KittyHawk 1/35 MH-60S 'Knighthawk'
|PRICE:||around $100.00 or so|
|REVIEWER:||Scott Van Aken|
The multi-mission Sikorsky MH-60S Knighthawk helicopter entered service in February 2002. The US Navy uses the MH-60S helicopters to carry out missions such as vertical replenishment, combat search and rescue, special warfare support and airborne mine countermeasures.
The helicopter began full-rate production in August 2002. The first deployment of the new helicopter took place on board USS Essex, Wasp Class amphibious assault ship, in January 2003 and a number of MH-60S helicopters were deployed in support of Operation Iraqi Freedom.
The helicopter was originally designated CH-60S as a replacement for the US Navy’s Boeing CH-46D Sea Knight heavy-lift helicopters in the vertical replenishment role.
The helicopter was re-designated MH-60S as a result of an expansion in mission requirements to include a range of additional combat support capabilities. Retirement of the US Navy Sea Knights concluded in September 2004. The US Navy operates 275 MH-60S helicopters.
KittyHawk is continuing with their superbly done large scale helicopters with the Knighthawk. It comes in a huge box, packed with sprues. I recommend not taking all the sprues out until you are ready to build it as you'll never get them all back in and still be able to close the box.
The kit builds on their other H-60 offerings and provides a highly detailed cockpit and cabin. Apparently they were originally going to include crew members, but that section of the instructions is blanked over. The cabin area can either take seats or additional fuel cells. Unlike some other H-60 offerings, this one does not include seat harnesses.
Moving up, you have full engines to place in the upper housings. Even if you decide not to display the engine doors open, it is a good idea to at least install the core of the engine so the intake and exhaust area won't look into a blank space. The rotor head is very nicely done, however, you are provided TWO different assembly sequences, one early and one later in the instructions using different part numbers for the head assembly. I'd go with the later assembly.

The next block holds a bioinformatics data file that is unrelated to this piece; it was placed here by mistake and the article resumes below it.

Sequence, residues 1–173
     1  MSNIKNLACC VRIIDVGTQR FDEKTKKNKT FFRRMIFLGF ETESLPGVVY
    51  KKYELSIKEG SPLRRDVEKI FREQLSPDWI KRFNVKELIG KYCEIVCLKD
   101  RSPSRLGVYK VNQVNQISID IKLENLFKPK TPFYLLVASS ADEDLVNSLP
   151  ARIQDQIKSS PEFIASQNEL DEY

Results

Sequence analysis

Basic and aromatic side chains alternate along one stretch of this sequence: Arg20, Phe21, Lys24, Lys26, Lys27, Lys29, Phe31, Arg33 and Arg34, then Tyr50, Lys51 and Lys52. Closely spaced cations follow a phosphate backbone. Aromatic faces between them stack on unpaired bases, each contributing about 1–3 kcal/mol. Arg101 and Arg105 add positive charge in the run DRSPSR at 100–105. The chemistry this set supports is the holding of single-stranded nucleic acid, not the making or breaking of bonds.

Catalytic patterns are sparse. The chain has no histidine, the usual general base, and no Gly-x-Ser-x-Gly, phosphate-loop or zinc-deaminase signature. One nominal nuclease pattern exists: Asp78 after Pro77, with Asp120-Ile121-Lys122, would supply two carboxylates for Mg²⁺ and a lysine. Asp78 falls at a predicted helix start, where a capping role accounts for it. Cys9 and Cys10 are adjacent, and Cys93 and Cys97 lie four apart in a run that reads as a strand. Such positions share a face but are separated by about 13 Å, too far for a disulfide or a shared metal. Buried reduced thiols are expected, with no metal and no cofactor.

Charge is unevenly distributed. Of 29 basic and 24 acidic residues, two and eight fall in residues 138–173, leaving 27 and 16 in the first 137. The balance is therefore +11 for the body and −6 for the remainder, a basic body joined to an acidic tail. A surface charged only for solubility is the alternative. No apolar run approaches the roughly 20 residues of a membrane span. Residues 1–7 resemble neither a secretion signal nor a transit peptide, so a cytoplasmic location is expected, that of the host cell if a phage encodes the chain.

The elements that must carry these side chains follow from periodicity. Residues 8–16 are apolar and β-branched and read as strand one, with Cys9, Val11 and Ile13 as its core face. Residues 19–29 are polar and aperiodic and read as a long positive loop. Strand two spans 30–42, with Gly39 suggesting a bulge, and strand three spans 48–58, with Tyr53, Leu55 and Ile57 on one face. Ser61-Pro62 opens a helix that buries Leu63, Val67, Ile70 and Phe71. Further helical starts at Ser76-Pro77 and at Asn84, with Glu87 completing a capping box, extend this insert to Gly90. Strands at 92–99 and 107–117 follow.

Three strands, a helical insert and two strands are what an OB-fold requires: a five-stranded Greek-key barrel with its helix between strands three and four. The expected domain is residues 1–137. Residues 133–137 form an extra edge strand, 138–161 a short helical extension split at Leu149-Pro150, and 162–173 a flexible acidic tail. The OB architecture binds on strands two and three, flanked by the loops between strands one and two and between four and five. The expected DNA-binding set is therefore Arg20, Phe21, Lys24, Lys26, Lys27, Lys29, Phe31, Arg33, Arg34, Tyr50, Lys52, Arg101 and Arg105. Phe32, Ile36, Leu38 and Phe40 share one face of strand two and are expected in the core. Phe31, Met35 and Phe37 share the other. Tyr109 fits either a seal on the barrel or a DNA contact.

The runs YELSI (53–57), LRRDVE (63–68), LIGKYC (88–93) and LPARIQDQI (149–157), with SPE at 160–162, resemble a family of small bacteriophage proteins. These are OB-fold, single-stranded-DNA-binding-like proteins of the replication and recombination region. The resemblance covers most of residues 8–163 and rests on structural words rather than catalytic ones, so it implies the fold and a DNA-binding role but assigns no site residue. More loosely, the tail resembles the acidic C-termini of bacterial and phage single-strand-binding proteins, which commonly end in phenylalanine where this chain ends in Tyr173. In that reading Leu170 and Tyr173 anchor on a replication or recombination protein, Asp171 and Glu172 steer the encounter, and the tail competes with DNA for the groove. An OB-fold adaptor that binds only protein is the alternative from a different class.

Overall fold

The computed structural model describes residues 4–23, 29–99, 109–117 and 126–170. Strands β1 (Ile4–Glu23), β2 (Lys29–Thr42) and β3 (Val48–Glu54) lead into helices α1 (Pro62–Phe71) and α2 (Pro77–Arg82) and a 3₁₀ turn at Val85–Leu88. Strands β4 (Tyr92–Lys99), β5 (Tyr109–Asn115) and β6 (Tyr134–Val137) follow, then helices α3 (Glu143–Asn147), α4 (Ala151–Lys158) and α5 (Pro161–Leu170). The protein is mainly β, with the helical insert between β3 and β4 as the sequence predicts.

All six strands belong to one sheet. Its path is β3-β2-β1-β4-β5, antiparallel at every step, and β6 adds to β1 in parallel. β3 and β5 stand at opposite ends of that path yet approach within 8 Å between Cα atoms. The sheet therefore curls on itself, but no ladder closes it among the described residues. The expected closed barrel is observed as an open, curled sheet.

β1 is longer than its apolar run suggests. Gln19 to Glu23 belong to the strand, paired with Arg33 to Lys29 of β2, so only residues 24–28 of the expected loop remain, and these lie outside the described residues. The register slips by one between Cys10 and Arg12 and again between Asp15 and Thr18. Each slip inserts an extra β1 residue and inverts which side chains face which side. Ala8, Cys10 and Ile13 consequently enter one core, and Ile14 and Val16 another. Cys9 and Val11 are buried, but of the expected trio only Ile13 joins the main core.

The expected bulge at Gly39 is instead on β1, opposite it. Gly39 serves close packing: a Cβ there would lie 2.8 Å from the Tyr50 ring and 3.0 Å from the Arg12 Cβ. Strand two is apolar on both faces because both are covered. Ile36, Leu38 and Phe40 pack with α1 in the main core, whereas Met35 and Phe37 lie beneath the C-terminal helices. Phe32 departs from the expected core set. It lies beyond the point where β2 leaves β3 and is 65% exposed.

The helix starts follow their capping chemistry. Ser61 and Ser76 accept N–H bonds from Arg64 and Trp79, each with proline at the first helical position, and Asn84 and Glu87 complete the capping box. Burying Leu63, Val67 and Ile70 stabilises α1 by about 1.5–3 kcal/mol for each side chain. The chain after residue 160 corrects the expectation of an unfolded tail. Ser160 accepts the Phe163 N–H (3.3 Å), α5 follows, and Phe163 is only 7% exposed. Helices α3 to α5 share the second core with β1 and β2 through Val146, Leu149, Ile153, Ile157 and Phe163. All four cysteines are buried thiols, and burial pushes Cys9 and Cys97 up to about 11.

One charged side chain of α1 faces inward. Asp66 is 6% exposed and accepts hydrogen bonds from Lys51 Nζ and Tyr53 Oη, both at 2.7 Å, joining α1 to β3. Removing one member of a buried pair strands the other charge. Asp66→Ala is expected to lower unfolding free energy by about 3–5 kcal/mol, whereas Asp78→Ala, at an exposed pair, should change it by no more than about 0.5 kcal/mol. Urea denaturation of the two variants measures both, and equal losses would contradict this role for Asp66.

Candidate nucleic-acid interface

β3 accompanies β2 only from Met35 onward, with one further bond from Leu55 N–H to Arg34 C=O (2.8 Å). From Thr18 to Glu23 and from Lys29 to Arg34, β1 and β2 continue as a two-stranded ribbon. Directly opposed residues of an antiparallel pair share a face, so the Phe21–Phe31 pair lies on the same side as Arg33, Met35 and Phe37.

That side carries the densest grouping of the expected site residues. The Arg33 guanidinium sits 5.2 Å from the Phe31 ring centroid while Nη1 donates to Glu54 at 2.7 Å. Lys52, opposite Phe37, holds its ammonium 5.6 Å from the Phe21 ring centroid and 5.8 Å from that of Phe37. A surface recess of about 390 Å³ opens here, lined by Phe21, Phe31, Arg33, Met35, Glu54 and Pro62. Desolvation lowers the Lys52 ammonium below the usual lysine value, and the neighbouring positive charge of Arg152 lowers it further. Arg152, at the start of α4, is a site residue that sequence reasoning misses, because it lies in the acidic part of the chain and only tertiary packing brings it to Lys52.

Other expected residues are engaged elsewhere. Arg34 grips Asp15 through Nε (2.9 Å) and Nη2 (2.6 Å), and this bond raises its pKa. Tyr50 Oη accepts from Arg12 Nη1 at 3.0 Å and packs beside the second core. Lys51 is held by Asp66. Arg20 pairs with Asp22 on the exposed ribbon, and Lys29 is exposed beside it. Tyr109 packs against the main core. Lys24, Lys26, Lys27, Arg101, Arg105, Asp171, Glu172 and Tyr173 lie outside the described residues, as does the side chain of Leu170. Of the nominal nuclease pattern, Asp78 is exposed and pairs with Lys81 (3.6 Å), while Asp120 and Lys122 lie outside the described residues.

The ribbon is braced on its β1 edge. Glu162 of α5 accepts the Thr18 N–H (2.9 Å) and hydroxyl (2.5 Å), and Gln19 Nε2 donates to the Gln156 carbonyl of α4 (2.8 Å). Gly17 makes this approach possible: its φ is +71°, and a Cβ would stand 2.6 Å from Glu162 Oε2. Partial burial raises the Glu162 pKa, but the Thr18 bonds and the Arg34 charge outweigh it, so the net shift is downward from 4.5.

One thing about modern helos like this is that there are a LOT of antennas for the multiple systems scabbed onto the airframe. Be sure to open all the appropriate holes for them as the build goes along. One system that is shown as optional is a chin mounted FLIR pod so ensure that your build uses this. There is also an extended FLIR pod assembly as shown on the box art. Just to add to the confusion, the instructions show the USAF type radar and long air refueling probe being installed.
You are also shown stub pylons and these would be used. Also added is a forward firing M 197 gatling gun. This is provided as a separate resin construct. You do get a photo etch fret that is used for screens, the M 197 and some other smaller items around the airframe.
Instructions are well drawn, but can be very confusing. It is imperative that the builder read these over several times to determine exactly what he wants to use when building the kit. I'd X out those items not needed. The decal sheet provides markings for four aircraft. However, the instructions only provide placement information for two of them. One the the box art aircraft from HCS-6. The other is a very flamboyant set of markings from HSC-21 Both are FS 36320 over what they say is gloss white, but this is not correct. Current helo TPS is FS 36375 over 36495. The other two options are for a TPS aircraft from HCS-7 and what appears to be an Engine Grey aircraft from HS-3. One of the two decal sheets is huge and too long for my scanner. Markings are superbly printed and will prove to be quite thin. For some of the schemes, the color backgrounds will need to be painted.
This is another incredible helicopter kit from the folks at Kitty Hawk. For whatever reason, Kitty Hawk simply cannot seem to get their instructions right and that is a pain. It is also unconscionable that they left off instructions for two of the four markings options. Experienced modelers will be able to wade through and produce an excellent model, but they sure make you work for it. This is not a weekend build.
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Thanks to Glen Coleman and Kitty Hawk for the preview kit. You can find this on-line or at your favorite shop.
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